5 Tips for Writing Third-Person POV
Third-person narratives are one of the most commonly used points of view. This may give new writers the impression that it’s a fairly simple viewpoint to write. However, it’s easy to fall into pitfalls and clichés without even realizing it. Knowing the ins and outs of writing third person will help you create a confident and compelling voice right from the start.
Third-person point-of-view (or POV) is a story told using the pronouns “he”, “she”, or “they”. Whether it’s told from one character’s perspective or several, it’s a step back from the intimacy of the first-person POV, since you see a character’s actions from outside the character, rather than from inside their head.
In this post, we’ll discuss how to choose these viewpoints, how to use them for maximum effect, and some of the common mistakes writers make.
Know the difference between third-person limited and third-person omniscient
One of the greatest benefits of writing in third person is the ability to visit different characters’ thoughts throughout the story. But it’s important to stay consistent with the style you choose, so you don’t risk your reader being turned off by uneven writing.
Third-person limited means we only know one character’s thoughts at a time. We’re still outside of them, but we see the world through their eyes, and hear their inner judgments and opinions. In books with more than one POV, a viewpoint shift will allow us to see the thoughts of a different character. But we only ever see one character’s thoughts at a time—never simultaneously within the same scene. Viewpoint shifts are clearly delineated by scene or chapter breaks.
Third-person omniscient means the narrator is “all-knowing”. An omniscient narrator can visit different characters’ thoughts during the same scene, or even describe things outside of any character’s knowledge.
For example, in George R.R. Martin’s A Song of Ice and Fire series, we follow several different POVs, all in third-person limited. Each character’s chapters are clearly marked, and during each one, we only know what that character knows. By contrast, Terry Pratchett and Neil Gaiman’s Good Omens is told in third-person omniscient; the narrator is an outside observer with a witty voice, who comments on the characters and their thoughts throughout the story.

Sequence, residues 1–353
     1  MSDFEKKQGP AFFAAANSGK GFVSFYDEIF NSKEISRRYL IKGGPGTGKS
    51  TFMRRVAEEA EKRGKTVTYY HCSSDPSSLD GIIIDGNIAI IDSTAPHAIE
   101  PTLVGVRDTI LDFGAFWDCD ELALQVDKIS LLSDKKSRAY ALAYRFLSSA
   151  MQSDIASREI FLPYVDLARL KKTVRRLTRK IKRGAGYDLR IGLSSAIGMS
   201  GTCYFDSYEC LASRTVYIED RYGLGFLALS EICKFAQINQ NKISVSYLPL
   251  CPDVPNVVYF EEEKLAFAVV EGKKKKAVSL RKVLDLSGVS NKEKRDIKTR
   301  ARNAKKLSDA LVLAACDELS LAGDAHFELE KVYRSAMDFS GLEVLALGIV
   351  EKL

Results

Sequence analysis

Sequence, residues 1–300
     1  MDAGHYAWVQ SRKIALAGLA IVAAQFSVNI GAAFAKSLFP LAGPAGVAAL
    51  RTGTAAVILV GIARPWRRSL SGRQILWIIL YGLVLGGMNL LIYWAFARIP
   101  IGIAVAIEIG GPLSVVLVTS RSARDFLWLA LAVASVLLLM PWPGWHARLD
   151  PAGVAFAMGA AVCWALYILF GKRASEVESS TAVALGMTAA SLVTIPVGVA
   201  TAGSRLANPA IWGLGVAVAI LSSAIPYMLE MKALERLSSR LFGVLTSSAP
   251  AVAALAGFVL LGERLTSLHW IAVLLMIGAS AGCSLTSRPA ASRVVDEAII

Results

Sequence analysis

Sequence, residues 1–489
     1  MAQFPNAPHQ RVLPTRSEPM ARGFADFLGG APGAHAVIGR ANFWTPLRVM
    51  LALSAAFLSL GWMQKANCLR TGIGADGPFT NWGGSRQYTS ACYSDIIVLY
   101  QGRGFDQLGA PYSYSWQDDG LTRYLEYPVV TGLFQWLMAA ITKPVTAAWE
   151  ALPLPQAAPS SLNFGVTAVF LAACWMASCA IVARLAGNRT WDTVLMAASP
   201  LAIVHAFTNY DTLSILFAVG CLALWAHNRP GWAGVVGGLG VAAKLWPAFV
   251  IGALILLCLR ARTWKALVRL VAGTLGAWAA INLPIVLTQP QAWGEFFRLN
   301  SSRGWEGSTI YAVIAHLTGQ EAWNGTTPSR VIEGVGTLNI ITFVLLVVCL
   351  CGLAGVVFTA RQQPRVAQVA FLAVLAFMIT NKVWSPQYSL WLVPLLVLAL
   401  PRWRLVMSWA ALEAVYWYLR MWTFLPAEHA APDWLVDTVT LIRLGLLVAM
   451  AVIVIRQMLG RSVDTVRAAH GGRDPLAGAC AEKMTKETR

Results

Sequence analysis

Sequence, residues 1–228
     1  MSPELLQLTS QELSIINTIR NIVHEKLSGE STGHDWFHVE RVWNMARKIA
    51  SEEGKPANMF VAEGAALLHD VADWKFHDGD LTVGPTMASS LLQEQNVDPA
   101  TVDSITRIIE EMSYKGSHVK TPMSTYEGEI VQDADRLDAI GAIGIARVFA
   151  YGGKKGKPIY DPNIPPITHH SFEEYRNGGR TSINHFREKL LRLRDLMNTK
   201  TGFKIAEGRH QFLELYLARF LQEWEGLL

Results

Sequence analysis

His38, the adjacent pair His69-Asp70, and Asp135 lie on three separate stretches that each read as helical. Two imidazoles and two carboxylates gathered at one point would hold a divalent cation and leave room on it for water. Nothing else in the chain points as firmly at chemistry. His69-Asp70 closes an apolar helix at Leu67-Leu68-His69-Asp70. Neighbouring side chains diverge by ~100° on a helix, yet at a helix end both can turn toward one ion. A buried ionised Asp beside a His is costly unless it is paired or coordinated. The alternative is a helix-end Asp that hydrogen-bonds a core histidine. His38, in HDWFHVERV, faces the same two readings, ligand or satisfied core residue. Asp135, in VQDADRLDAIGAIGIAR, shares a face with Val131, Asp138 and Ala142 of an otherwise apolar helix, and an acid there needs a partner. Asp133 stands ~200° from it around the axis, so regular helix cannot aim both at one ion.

Don’t infodump characters’ appearances
Because a third-person POV is outside a character, many writers are tempted to fully describe the protagonist when the reader first sees them: the color of their eyes, the length of their hair, the clothes they’re wearing. But a bland recitation of a character’s looks isn’t the vivid character introduction these writers seem to think. There’s nothing wrong with sharing details, but a couple unique facts related to the scene will tell us far more about the character than a block of text.
Take this example from page 6 of Maggie Stiefvater’s The Raven Boys:
Blue opened and closed her chilly fists. The top edges of her fingerless gloves were fraying; she’d done a bad job knitting them last year, but they had a certain trashy chic to them. If she hadn’t been so vain, Blue could’ve worn the boring but functional gloves she’d been given for Christmas.
Based on only one piece of clothing, we instantly know that: 1) Blue makes her own clothes, 2) she likes a “trashy chic” look, and 3) she’s willing to be uncomfortable rather than compromise that style. It’s infinitely more informative than her hair or eye color.
Choose the right characters to follow